Format

Send to

Choose Destination
PLoS Biol. 2016 Nov 18;14(11):e2000225. doi: 10.1371/journal.pbio.2000225. eCollection 2016 Nov.

Phylosymbiosis: Relationships and Functional Effects of Microbial Communities across Host Evolutionary History.

Author information

1
Department of Biological Sciences, Vanderbilt University, Nashville, Tennessee, United States of America.
2
Vanderbilt Genetics Institute, Vanderbilt University, Nashville, Tennessee, United States of America.
3
The Rowland Institute at Harvard, Harvard University, Cambridge, Massachusetts, United States of America.
4
Department of Pathology, Microbiology, and Immunology, Vanderbilt University, Nashville, Tennessee, United States of America.

Abstract

Phylosymbiosis was recently proposed to describe the eco-evolutionary pattern, whereby the ecological relatedness of host-associated microbial communities parallels the phylogeny of related host species. Here, we test the prevalence of phylosymbiosis and its functional significance under highly controlled conditions by characterizing the microbiota of 24 animal species from four different groups (Peromyscus deer mice, Drosophila flies, mosquitoes, and Nasonia wasps), and we reevaluate the phylosymbiotic relationships of seven species of wild hominids. We demonstrate three key findings. First, intraspecific microbiota variation is consistently less than interspecific microbiota variation, and microbiota-based models predict host species origin with high accuracy across the dataset. Interestingly, the age of host clade divergence positively associates with the degree of microbial community distinguishability between species within the host clades, spanning recent host speciation events (~1 million y ago) to more distantly related host genera (~108 million y ago). Second, topological congruence analyses of each group's complete phylogeny and microbiota dendrogram reveal significant degrees of phylosymbiosis, irrespective of host clade age or taxonomy. Third, consistent with selection on host-microbiota interactions driving phylosymbiosis, there are survival and performance reductions when interspecific microbiota transplants are conducted between closely related and divergent host species pairs. Overall, these findings indicate that the composition and functional effects of an animal's microbial community can be closely allied with host evolution, even across wide-ranging timescales and diverse animal systems reared under controlled conditions.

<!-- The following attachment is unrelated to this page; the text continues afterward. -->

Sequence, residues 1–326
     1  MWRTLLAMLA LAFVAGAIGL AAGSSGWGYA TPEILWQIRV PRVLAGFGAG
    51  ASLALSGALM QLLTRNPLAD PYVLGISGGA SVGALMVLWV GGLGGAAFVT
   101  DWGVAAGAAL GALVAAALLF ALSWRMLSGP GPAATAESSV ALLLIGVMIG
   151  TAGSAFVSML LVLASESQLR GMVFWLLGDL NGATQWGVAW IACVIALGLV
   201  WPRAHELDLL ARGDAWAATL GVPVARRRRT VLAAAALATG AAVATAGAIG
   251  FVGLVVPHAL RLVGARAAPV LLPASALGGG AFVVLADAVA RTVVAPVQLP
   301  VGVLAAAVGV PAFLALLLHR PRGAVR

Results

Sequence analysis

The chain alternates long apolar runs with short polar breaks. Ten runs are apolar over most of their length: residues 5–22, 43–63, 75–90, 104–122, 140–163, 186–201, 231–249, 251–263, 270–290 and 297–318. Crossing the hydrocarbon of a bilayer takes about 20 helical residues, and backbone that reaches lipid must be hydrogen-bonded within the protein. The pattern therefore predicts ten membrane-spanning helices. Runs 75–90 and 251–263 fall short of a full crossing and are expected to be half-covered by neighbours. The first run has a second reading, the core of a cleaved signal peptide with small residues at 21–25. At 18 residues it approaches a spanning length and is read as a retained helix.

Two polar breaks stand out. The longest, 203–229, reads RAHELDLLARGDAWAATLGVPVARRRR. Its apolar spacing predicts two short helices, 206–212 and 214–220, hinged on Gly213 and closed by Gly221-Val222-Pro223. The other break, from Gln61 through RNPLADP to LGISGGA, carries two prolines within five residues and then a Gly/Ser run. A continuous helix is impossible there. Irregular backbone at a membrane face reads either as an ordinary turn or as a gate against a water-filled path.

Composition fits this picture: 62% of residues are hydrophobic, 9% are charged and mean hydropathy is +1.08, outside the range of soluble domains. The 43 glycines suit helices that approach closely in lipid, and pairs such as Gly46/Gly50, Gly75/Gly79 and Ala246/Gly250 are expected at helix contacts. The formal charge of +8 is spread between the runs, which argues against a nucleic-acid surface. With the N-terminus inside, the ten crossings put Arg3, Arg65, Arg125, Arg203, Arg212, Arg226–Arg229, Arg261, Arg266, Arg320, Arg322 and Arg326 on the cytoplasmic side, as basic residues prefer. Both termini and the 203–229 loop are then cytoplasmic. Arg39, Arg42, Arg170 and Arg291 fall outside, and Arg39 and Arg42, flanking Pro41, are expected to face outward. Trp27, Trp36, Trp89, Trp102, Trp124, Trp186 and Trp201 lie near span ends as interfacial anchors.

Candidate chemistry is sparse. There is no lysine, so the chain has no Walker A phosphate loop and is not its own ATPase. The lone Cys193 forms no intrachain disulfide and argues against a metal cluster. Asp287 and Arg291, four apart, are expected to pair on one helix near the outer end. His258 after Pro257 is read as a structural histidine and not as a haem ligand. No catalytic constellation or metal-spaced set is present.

PMID:
27861590
PMCID:
PMC5115861
DOI:
10.1371/journal.pbio.2000225
[Indexed for MEDLINE]
Free PMC Article

Supplemental Content

Full text links

Icon for Public Library of Science Icon for PubMed Central
Loading ...
Support Center